Those insights are at their most important on the subjects of poverty and real estate development. The large concentrations of squalor visible in the world’s major cities tend to cast these places in a bad light. Casual empiricism can make it seem that cities and urbanization cause poverty. The truth is the reverse: while rural poverty is often more picturesque than slum dwelling, it’s considerably more severe. Cities attract the poor because they’re engines of economic opportunity. Glaeser’s research finds that in the United States, when you control for demographics, “workers in metropolitan areas with big cities earn 30 percent more than workers who aren’t in metropolitan areas,” and the effect is even bigger in poor countries. Higher living costs partially offset these increased earnings, but they also reflect higher wages driven by the higher productivity facilitated by dense cities’ greater scope for specialization and information transfer. And, crucially for the future of the planet, city dwellers’ smaller homes and shorter, less car-focused commutes lead to dramatically lower carbon footprints. Achieving progressive goals of economic mobility and ecological sustainability, in other words, requires bigger, denser cities.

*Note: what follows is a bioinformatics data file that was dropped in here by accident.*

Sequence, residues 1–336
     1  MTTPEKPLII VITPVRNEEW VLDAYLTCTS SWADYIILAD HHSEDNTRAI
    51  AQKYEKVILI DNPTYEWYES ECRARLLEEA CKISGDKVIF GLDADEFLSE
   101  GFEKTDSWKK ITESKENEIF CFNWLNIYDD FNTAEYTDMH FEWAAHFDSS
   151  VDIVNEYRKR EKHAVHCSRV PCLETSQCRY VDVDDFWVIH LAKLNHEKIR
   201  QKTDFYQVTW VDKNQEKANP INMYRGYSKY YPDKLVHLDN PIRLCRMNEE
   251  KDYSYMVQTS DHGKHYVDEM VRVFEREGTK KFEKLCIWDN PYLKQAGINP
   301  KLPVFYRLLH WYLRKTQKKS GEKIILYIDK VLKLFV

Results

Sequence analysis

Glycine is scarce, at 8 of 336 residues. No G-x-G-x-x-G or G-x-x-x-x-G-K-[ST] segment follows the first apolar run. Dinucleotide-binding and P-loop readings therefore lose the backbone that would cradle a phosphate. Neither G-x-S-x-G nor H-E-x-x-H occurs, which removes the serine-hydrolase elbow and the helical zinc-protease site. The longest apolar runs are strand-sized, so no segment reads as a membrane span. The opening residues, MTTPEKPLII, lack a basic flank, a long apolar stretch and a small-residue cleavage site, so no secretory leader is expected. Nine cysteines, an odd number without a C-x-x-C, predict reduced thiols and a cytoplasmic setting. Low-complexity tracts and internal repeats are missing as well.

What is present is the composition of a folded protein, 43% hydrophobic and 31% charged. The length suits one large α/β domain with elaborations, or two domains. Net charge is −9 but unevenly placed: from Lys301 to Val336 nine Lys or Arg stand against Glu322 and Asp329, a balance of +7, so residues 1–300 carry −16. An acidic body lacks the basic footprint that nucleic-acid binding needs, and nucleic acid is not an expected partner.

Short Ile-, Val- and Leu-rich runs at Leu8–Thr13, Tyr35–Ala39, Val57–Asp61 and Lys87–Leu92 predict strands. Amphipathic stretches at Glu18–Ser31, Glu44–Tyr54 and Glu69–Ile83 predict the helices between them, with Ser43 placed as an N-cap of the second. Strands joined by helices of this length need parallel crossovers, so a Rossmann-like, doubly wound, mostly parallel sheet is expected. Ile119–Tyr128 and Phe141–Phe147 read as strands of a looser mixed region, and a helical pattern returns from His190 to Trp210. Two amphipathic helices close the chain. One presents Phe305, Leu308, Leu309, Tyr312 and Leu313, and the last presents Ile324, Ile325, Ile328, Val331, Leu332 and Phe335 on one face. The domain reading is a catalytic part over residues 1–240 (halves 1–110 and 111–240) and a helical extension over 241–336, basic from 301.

And this, Glaeser is keen to argue, requires giving up on some sacred cows. He condemns the “agrarian utopianism” of those who sentimentalize rural living and fail to appreciate the environmental virtues of big cities, chiefly less driving and the greater energy efficiency of heating multifamily structures. He argues that conventional environmental impact reviews fail desperately by not considering the impact of not building new homes. Houston, he notes, has attained extremely rapid population growth largely because Houston-area authorities have chosen to allow people to build houses in the Houston area, attracting middle-class residents in search of affordable housing. Every time additional development in coastal California is blocked, the would-be inhabitants of the development don’t vanish—they simply move to places like Houston, Phoenix, or Las Vegas, where sparser dwelling patterns and hotter weather then lead to higher carbon emissions. Excessive historic preservation laws have a similar impact, turning central cities into boutique areas that only the rich can afford. More broadly, Glaeser observes that “over the past forty years, we’ve experienced a little-remarked revolution in property rights in America,” shifting a paradigm where “people could essentially do what they wanted with their own property to a system where neighbors have enormous power to restrict growth and change.” This, combined with pervasive pro-sprawl bias in federal housing and transportation policy, is a disaster for our economy and our environment.